As a little girl, I took it for granted that I would probably meet the right person and get married one day and when I did, my last name would probably change just as my mother's had, just as her mother's had. As I grew older, the idea of taking a man's last name seemed less automatic to me, as did the idea of marrying at all. But when I started dating the man who eventually became my husband, it became quickly apparent to me that maybe I would wind up marrying, after all. When he told me he wanted to marry me, I agreed with the idea. We worked well as partners and I liked the idea of committing to our partnership.
Throughout the months of engagement, I wondered about my surname. I wasn't certain that I would keep it—I liked his last name better than mine phonetically and I wondered about the nuances of having different last names if we had children together. I wasn't sure that the issue of changing my last name or not was important to me, but I've never been too traditionally-minded, either. As the date and decision-making time neared, my instincts grew louder and my clarity on the subject sharpened: I couldn't change my name.
While planning our wedding, I found myself facing ethical quandaries throughout the process. The more I researched the history behind what I perceived to be relatively innocent wedding traditions, the more they seemed to be anything but. I am a feminist because I refuse to settle for less than equal rights between men and women and many modern wedding traditions are symbolic of the rights women have been decidedly not allowed to have throughout the centuries. With this in mind, making wedding-related decisions was difficult for me. This isn't to say that women who engage in these traditions or who change their name after marriage aren't feminists, but with equality for women in mind, many of these gestures became a little heavier for me.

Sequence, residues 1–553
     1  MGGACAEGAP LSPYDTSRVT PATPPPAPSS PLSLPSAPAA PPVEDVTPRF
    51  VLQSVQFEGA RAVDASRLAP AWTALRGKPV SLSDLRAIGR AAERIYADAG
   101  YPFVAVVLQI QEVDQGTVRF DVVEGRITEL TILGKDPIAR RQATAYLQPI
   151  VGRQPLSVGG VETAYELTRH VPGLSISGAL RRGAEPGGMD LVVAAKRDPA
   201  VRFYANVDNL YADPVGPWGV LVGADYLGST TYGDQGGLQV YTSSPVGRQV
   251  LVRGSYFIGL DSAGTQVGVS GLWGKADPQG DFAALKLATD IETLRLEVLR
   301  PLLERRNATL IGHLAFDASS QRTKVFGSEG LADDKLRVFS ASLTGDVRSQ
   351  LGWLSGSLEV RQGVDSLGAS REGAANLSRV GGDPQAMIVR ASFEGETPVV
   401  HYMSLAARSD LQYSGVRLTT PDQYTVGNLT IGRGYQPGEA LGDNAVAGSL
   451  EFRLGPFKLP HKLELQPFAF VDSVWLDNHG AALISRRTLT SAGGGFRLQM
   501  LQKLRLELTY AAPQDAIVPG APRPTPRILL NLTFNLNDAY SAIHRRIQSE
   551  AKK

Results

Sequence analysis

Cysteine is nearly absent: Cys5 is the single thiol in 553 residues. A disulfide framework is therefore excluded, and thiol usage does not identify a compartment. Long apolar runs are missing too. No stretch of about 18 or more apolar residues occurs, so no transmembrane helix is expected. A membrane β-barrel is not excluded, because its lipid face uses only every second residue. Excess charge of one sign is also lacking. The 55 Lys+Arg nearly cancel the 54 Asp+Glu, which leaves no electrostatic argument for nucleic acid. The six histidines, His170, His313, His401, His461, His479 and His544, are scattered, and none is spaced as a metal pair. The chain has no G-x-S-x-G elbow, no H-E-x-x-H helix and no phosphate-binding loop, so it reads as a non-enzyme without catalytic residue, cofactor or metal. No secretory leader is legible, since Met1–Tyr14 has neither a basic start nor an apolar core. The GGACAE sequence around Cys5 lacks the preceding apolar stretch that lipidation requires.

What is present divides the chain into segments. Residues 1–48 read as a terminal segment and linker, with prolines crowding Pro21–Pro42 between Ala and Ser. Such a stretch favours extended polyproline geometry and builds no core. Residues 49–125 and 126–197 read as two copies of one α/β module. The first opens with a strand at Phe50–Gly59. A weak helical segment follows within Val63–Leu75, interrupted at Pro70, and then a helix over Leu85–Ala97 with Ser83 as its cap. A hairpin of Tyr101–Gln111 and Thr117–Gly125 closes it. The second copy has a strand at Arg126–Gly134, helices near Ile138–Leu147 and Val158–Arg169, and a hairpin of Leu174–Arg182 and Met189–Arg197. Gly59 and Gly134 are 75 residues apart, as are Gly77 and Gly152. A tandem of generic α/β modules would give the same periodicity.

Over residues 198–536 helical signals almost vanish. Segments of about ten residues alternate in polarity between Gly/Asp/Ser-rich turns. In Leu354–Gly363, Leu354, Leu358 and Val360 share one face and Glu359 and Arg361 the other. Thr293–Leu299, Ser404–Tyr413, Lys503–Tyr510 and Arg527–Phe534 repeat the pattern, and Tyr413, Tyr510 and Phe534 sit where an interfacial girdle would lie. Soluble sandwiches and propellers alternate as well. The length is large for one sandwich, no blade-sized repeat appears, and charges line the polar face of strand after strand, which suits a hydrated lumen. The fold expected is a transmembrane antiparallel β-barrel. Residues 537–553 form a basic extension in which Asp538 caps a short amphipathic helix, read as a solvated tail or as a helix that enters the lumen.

I didn't eschew every wedding tradition—my father walked me down the aisle and I'm glad he did. But I couldn't compromise on changing my last name. I've worked hard over the years for successes and experiences that are each tied to my name. My friends, my colleagues, and my acquaintances know me by my name. And I know me by my name, too. To strip that identity away from me for the sake of tradition seemed absurd by the time my wedding day rolled around. I considered the unfairness in me having to take the time to wait in lines and fill out paperwork for a new passport and license and everything else, all for the sake of tradition.
In the end, what made the most sense was for me to simply not change my name at all and for him to do the same. We weren't abandoning our pasts to start a new life together—we were two people, each with our own histories, agreeing to walk together where we once walked alone. My name does not define me, but it's a lot more relevant to who I am than my husband's.
When our daughter was born, we deliberated for days trying to nail down what her name should be. We wanted her to have his last name, but we weren't sure how—or if—we would incorporate my name into hers. It was my husband's suggestion to then give her my first name as one of her names instead, so she now carries his last name as her last and my first as her middle.
And me? I am who I always was—and that's exactly the point.
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